I soaked and washed white Darice decorative sand in distilled water. I added food-grade citric acid to different distilled water, then I sprinkled in a few grains of the sand. The sand bubbled and dissolved.

AFAIK, citric acid should not dissolve quartz sand. Either

  1. the sand is not quartz, or
  2. the internet is wrong that citric acid cannot dissolve quartz sand.

If 2, then an equation would be appreciated.

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    $\begingroup$ It is (1).$\mathstrut$ $\endgroup$ Commented Feb 2, 2023 at 6:23
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    $\begingroup$ It would be great if you listed the composition of this decorative sand. This will help in writing of a possible reaction equation between the "sand" and citric acid. $\endgroup$
    – Exeplone
    Commented Feb 2, 2023 at 6:48
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    $\begingroup$ Bright white decorative sand is usually molten limestone or marble. $\endgroup$
    – fraxinus
    Commented Feb 2, 2023 at 17:33
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    $\begingroup$ Did I say molten? It's crushed and ground, of course. $\endgroup$
    – fraxinus
    Commented Feb 2, 2023 at 20:12

1 Answer 1


Your sand dissolves in citric acid because it is carbonate sand.

Not all sand is formed by quartz, even if it is usually implied in context of masonry or fish-keeping. There are sometimes used explicit respective expressions for "quartz sand" in some languages.

The term sand does not describe what the material is, but how the material looks like. It means solid, water insoluble "stoney" material, consisting of loose particles with the particular range of granularity $\pu{0.05 - 2 mm}$ (credit to David S).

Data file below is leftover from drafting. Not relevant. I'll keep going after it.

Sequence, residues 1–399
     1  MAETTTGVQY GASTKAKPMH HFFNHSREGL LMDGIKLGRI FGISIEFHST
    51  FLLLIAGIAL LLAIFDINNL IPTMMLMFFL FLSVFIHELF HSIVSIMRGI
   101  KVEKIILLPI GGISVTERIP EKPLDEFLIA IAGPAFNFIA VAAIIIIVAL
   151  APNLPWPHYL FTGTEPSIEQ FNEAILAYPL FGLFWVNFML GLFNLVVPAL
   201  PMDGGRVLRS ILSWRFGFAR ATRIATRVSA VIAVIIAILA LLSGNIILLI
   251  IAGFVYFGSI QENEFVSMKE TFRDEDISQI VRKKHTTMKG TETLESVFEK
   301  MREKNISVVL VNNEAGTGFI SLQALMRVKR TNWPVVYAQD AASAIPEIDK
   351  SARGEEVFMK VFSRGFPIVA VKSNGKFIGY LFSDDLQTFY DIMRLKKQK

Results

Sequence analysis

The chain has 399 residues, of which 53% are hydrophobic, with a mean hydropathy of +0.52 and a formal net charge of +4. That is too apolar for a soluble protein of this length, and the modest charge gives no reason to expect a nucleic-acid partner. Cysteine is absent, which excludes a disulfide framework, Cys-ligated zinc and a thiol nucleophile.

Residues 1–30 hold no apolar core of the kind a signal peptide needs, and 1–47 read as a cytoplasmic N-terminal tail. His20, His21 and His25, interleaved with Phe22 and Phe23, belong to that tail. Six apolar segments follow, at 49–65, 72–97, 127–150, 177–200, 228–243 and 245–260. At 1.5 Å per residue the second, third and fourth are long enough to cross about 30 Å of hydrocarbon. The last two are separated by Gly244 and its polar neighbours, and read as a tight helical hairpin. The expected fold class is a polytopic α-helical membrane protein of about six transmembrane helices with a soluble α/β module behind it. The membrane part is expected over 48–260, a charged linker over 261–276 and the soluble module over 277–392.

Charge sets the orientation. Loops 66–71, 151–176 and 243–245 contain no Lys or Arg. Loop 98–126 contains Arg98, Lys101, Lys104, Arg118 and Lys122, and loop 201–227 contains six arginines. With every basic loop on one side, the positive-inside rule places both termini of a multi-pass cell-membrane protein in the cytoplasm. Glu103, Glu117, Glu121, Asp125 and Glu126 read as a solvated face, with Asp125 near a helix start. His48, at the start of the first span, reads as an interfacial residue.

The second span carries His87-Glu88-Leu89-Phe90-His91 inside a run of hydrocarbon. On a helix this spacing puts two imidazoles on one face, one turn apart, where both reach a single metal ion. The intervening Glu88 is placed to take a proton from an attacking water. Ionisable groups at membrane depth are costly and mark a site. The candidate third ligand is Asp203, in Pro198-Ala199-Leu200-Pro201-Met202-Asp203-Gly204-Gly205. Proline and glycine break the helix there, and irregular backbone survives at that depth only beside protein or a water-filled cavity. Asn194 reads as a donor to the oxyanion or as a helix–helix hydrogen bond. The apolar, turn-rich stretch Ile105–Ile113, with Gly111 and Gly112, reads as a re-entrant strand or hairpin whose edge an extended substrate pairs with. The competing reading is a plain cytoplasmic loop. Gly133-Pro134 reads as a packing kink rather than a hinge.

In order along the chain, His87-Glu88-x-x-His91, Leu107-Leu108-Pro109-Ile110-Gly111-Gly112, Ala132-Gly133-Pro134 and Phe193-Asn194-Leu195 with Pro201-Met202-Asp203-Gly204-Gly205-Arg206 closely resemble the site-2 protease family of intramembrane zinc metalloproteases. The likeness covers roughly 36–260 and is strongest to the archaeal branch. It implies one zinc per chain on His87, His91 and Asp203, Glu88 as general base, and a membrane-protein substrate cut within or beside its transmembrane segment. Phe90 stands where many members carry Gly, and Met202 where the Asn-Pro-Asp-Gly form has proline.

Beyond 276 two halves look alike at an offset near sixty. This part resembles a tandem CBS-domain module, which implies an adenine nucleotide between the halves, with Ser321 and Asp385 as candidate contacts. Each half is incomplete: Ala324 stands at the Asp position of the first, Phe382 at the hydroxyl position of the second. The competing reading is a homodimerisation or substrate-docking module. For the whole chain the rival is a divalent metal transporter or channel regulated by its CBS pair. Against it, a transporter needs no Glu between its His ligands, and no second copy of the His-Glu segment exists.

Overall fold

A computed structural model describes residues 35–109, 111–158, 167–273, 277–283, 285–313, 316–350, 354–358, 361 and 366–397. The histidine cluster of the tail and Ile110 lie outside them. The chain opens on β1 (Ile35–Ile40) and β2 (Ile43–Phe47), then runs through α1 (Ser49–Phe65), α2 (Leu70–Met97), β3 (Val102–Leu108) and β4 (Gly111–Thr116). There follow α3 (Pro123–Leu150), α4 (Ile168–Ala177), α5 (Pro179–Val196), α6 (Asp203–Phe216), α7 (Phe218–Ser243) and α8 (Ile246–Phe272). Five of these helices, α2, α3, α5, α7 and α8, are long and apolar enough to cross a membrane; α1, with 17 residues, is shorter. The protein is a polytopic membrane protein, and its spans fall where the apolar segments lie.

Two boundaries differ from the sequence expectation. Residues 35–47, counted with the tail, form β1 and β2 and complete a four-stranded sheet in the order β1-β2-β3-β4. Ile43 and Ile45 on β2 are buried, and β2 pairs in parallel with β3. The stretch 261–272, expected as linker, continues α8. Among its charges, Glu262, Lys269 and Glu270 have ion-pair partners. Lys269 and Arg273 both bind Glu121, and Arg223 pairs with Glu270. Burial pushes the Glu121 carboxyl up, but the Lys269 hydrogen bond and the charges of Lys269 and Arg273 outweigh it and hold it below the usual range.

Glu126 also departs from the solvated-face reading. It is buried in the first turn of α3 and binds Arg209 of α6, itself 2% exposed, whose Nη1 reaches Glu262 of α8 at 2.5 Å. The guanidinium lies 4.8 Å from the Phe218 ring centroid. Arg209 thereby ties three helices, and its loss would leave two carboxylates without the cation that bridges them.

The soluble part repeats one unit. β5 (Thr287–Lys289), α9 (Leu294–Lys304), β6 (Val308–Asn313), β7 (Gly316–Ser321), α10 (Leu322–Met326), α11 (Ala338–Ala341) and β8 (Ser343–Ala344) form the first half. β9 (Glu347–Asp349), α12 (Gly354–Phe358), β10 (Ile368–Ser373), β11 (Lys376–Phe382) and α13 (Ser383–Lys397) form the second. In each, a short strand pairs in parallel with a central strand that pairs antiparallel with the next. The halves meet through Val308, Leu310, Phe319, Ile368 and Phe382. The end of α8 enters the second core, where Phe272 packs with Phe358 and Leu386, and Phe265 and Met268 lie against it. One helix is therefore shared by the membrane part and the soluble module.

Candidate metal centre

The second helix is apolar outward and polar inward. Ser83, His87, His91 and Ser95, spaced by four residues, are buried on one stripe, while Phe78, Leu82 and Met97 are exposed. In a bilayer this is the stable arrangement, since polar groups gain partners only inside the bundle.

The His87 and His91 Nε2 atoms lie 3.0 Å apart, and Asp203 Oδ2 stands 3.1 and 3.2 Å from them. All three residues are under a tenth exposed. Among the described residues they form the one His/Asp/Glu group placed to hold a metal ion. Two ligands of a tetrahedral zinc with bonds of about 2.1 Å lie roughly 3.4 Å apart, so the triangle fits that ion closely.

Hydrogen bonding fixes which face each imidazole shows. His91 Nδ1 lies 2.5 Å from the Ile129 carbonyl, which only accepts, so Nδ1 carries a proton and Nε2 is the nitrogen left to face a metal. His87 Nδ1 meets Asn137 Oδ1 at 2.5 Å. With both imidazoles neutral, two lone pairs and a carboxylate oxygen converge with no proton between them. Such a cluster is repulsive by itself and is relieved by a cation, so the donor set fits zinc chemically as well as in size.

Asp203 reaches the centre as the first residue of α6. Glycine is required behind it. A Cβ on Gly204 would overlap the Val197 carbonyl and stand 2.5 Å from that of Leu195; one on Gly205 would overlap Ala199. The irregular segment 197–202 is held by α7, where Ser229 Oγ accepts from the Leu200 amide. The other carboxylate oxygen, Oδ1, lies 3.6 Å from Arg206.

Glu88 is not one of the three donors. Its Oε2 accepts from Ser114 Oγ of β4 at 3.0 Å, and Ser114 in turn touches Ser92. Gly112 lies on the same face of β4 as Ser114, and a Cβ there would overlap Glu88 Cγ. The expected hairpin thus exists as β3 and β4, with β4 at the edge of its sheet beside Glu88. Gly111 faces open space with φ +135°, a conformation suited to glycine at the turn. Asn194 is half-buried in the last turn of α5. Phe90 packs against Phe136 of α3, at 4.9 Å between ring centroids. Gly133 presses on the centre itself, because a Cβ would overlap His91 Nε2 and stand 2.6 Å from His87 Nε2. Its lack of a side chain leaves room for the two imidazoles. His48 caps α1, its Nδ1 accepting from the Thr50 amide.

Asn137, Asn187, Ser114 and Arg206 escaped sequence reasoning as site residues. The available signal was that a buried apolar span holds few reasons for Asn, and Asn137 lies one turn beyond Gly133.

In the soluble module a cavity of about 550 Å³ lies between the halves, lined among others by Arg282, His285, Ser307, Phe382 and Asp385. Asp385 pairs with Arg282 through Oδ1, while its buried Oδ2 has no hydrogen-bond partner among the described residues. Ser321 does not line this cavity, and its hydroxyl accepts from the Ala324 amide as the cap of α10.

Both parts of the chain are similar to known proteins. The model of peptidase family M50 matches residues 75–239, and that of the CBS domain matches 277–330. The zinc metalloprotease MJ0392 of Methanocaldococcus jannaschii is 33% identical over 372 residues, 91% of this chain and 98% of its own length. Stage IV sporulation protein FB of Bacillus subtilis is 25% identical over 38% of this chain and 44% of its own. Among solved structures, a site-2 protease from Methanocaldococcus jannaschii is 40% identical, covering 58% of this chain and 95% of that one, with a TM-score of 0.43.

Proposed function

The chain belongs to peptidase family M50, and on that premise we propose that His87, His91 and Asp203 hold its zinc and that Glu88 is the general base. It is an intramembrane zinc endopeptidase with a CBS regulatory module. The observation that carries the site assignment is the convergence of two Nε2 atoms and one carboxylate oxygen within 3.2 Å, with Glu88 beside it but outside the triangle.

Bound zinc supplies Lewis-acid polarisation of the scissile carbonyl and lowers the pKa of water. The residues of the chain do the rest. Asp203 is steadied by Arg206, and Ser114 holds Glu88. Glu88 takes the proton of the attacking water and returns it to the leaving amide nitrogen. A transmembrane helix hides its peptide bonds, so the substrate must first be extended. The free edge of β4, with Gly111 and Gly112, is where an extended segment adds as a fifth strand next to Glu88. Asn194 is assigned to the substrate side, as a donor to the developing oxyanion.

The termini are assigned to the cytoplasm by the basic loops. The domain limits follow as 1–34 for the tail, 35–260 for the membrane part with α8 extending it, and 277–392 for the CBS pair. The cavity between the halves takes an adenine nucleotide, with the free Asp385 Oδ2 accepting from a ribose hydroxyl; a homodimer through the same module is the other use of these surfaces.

Quoting the Wikipedia:

Sand is a granular material composed of finely divided mineral particles. Sand has various compositions but is defined by its grain size. Sand grains are smaller than gravel and coarser than silt.

Sand can also refer to a textural class of soil or soil type; i.e., a soil containing more than 85 percent sand-sized particles by mass.

There are beaches with bright, near white sand formed from shells. It is based on calcite/aragonite $\ce{CaCO3}$, soluble in acids while releasing gaseous carbon dioxide.

$$\ce{CaCO3(s) + 2 H+(aq) -> Ca^2+(aq) + H2O(l) + CO2(g)}$$

There are beaches and deserts with dark, near black sand formed from various volcanic rocks.

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    $\begingroup$ Sand is also used to define particle size. Gravel or Stones is above 2mm in size, Sand is 2mm - 0.05mm, Silt is 0.05mm - 0.002mm, and Clay is below 0.002mm. $\endgroup$
    – David S
    Commented Feb 2, 2023 at 17:38
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    $\begingroup$ Well, that is what is said in the quote and respective links. Thanks for the explicit values. $\endgroup$
    – Poutnik
    Commented Feb 2, 2023 at 17:43

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